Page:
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All of Us Begins Sending Genetic Health-Related Results

The All of Us Research Program seeks to collect genetic and health data on more than 1 million Americans, creating a foundational dataset for future research. Volunteer participants receive personalized reports as well, including health-related DNA results describing disease risk.

When it opened in 2018, the All of Us Research Program, funded by the National Institutes of Health, marked an unprecedented effort to gather genetic, biological, environmental, health and lifestyle data from at least 1 million volunteer participants.

Universities and institutions from around the country are involved, including the California Precision Medicine Consortium co-led by UC San Diego Health and UCI Health, which has enrolled more than 47,000 people.

Unlike research studies that focus on a specific disease or population, All of Us is intended to serve as a national research resource to inform thousands of future studies on myriad health conditions by providing researchers with a broad and deep trove of relevant data.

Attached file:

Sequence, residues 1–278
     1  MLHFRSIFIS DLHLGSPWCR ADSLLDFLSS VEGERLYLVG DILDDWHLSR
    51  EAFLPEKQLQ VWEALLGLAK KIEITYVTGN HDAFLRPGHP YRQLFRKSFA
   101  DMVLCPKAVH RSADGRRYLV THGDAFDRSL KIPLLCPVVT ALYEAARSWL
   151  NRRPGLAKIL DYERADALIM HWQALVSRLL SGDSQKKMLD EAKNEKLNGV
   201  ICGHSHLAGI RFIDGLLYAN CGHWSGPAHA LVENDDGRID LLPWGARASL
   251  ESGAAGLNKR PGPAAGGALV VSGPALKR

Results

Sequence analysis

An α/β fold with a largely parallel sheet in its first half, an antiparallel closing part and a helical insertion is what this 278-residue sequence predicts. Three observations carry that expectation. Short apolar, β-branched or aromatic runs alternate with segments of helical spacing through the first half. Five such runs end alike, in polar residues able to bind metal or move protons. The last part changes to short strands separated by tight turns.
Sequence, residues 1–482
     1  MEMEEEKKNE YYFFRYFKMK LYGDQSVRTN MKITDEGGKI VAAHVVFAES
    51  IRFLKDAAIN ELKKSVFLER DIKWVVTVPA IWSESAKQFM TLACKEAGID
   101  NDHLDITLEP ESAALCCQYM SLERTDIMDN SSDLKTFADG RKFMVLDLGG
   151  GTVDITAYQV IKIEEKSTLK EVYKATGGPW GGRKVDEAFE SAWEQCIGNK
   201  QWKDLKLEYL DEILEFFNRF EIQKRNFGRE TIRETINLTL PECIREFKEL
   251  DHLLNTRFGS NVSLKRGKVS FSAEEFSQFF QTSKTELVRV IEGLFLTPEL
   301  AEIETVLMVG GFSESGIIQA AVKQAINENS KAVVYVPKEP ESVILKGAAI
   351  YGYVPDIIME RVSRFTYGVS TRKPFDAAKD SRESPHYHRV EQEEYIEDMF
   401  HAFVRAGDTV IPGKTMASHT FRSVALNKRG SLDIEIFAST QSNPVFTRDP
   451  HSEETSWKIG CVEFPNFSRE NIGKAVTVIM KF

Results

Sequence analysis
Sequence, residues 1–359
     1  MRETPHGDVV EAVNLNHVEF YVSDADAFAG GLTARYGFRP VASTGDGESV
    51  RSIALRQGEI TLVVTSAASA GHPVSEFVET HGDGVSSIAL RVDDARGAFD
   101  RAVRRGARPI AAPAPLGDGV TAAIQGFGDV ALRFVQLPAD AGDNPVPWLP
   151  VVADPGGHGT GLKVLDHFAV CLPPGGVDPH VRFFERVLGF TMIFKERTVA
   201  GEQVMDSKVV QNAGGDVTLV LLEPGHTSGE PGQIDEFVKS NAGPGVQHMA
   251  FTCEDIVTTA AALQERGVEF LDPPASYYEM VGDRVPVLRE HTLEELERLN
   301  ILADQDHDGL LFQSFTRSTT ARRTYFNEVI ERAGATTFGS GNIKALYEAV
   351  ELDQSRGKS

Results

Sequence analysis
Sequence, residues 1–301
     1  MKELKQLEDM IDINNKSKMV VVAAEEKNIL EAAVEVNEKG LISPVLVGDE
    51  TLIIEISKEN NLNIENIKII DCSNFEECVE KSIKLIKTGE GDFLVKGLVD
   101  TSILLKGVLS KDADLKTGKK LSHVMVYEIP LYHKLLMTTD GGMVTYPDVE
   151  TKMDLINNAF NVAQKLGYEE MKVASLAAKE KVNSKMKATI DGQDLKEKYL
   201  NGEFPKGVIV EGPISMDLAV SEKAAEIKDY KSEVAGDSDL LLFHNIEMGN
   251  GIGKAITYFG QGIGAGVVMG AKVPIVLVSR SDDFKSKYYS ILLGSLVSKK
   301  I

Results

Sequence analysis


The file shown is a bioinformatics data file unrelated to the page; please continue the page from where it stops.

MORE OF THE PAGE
But the program also promised participants that they would benefit too by receiving personalized health-related DNA results. This week, more than 155,000 participants received reports detailing whether they have an increased risk of specific health conditions and how their body might process certain medications.

“Knowledge is powerful. By returning health-related DNA information to participants, we are changing the research paradigm, turning it into a two-way street — fueling both scientific and personal discovery that could help individuals navigate their own health,” said Josh Denny, MD, MS, chief executive officer of the All of Us Research Program. “This type of partnership with our participants is crucial for building trust and fulfilling the commitment we made to drive research that can offer meaningful insights for all.”

Approximately 80% of current All of Us participants represent communities that have been historically underrepresented in medical research; nearly 50% of All of Us participants identify with a racial or ethnic minority group. The program began returning genetic ancestry and trait results to participants in December 2020. So far, it has offered genetic ancestry and traits results to more than 175,000 participants and continues to return approximately 6,000 results each month.

— Scott LaFee